When I look at China it scares me - it brings back dark memories of July 1997.
I was working as an analyst in an office above the Hard Rock Café in Kuala Lumpur. For months, investors had been fleeing the country in the wake of a devastating currency crisis. I had a front row seat during the total collapse of a major economy. It proved an invaluable lesson in the pitfalls of investing in Asia.
I remember a stern statement sent to a leading tycoon to top up many millions of dollars as collateral or face immediate legal action; I remember the pulsating trading rooms emptying; I remember companies slamming the doors to investors as managements became preoccupied with a fight for survival.
It was very unpleasant. OK, the traffic in the business district was definitely lighter for a few weeks – it was a lot easier to get home at night. But the troubling thing was just how quickly an economy can go into deep-freeze. And when you think about China today, that’s the episode that you need to bear in mind.
China is fading fast
Last week, China reported weak economic numbers, prompting the government to cut the reserve required ratio for banks resulting in looser monetary policy.
A lot of people are urging investors to invest in China. I think that would be a terrible mistake. China is in the midst of a very painful episode in its history. The economy has recently slowed to its slowest pace in two and a half years. And that is likely to continue.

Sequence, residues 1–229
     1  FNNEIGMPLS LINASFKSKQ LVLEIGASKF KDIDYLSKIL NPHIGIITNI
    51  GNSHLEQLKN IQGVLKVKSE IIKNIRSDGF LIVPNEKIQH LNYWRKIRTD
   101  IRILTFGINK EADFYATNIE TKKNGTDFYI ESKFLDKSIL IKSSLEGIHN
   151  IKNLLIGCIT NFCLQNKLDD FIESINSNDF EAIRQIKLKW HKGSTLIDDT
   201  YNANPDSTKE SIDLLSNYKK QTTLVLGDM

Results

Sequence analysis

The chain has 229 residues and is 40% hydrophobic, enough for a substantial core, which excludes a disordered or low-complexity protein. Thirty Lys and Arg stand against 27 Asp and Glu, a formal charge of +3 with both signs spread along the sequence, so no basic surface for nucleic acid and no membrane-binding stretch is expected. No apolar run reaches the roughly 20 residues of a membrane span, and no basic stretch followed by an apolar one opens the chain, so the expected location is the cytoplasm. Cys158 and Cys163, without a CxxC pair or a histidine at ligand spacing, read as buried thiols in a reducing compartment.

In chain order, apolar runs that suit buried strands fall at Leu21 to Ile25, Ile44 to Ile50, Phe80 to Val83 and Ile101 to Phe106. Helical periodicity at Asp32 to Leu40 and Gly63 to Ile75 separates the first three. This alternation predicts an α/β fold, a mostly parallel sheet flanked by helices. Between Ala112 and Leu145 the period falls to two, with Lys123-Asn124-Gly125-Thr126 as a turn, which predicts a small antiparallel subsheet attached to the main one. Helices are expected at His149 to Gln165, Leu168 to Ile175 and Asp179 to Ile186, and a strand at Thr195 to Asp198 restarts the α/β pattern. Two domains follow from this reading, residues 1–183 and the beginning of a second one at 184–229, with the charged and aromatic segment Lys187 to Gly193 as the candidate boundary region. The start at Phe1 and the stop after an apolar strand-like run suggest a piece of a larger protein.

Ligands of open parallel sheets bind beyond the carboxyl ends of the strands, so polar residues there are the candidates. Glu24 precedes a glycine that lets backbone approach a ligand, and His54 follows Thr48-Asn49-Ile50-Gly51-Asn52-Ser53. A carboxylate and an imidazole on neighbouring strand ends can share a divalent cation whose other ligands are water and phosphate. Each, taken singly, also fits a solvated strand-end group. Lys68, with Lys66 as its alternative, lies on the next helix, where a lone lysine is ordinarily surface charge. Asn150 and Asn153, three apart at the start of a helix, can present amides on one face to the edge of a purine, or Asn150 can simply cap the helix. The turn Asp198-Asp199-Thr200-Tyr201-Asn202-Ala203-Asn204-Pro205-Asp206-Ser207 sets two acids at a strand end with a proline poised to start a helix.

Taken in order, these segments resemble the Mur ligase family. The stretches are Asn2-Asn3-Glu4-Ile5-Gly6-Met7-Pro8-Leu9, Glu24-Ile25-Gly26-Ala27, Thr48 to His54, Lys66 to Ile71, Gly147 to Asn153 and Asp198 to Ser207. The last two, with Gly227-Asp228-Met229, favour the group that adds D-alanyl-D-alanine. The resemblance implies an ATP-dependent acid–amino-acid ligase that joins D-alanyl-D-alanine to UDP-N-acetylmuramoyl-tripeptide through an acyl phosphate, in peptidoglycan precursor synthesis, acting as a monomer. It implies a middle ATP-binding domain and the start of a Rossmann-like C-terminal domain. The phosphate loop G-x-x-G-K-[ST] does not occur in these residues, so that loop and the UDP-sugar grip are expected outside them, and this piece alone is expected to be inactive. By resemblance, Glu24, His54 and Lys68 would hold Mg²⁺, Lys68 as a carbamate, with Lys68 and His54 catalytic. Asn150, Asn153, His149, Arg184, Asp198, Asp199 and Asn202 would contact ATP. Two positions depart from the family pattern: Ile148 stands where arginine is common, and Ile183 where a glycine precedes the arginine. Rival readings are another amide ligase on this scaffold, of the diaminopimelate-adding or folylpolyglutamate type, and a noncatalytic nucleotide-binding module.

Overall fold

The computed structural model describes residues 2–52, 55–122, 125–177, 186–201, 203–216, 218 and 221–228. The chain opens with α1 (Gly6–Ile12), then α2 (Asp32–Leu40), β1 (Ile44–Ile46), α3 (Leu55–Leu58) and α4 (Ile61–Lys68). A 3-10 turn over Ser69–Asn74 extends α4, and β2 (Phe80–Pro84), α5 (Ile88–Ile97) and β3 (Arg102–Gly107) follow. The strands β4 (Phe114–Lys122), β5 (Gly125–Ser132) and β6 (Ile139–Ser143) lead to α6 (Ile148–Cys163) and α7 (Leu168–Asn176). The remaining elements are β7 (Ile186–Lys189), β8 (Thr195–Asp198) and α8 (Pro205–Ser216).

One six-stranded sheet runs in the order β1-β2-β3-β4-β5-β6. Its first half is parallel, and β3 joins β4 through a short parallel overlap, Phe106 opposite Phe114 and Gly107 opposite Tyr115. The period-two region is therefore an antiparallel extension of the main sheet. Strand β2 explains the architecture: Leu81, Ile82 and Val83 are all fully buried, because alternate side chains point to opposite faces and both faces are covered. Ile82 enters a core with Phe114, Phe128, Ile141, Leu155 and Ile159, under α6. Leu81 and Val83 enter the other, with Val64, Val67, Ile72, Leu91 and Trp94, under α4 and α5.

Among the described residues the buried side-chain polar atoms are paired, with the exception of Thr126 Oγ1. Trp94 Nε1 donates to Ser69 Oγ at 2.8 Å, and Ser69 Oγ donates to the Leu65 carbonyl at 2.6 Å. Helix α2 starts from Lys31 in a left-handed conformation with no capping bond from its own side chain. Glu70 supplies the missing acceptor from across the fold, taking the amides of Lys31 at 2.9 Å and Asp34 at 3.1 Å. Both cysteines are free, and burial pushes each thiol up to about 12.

China suffers from serious bottlenecks, including lofty property prices, rising wages and higher logistics costs due to manufacturing's move to the hinterland (the 'Go West Policy'). The results are higher inflation (3.4% at the latest count) and slowdown in foreign direct investments (which in fact peaked in August 2011).
China typically generates top-line nominal growth of 14% on average, but the split between growth and inflation has fallen to the lowest in over a decade in the last two years. Meanwhile earnings are tumbling.
The profitability for Chinese non-financial state-owned enterprises (SOEs) is at the lowest level since 2001 (excluding 2008). And the latest reporting season for Chinese stocks was the worst since 2008.
While MSCI China trades on a prospective price/earnings (PE) ratio of 9.7 times and an estimated 11.6% earnings per share (EPS) growth, analysts have been busy downgrading their numbers since September 2011.
I see the fundamental problem being that profitability appears to be on a secular decline. This is evident by proposed reforms such as reducing the cartel power of state-owned enterprises (the majority of listed stocks), market pricing of key inputs such as capital and energy and higher taxation (to pay for social reforms).
Last time reforms took place was in the late 1990s, focused on SOEs and banking reforms, which helped unlock huge productivity gains and fuel China’s high octane growth rate for a decade. The snag was it took the stock market more than five years before it moved sharply higher. The same could happen again, further aggravated by a West that is de-leveraging.
Investors are backing away from the stock market
Not that investing in Chinese stock market is a good idea anyway.
The Shanghai market, the leading local exchange, is a very peculiar beast. Following WTO-membership it started with total inaction for almost five years. Then, in a short period, spanning from March 2006 to October 2007, the marked surged 2.5 times. The gain was short-lived and it hit a trough in November 2008.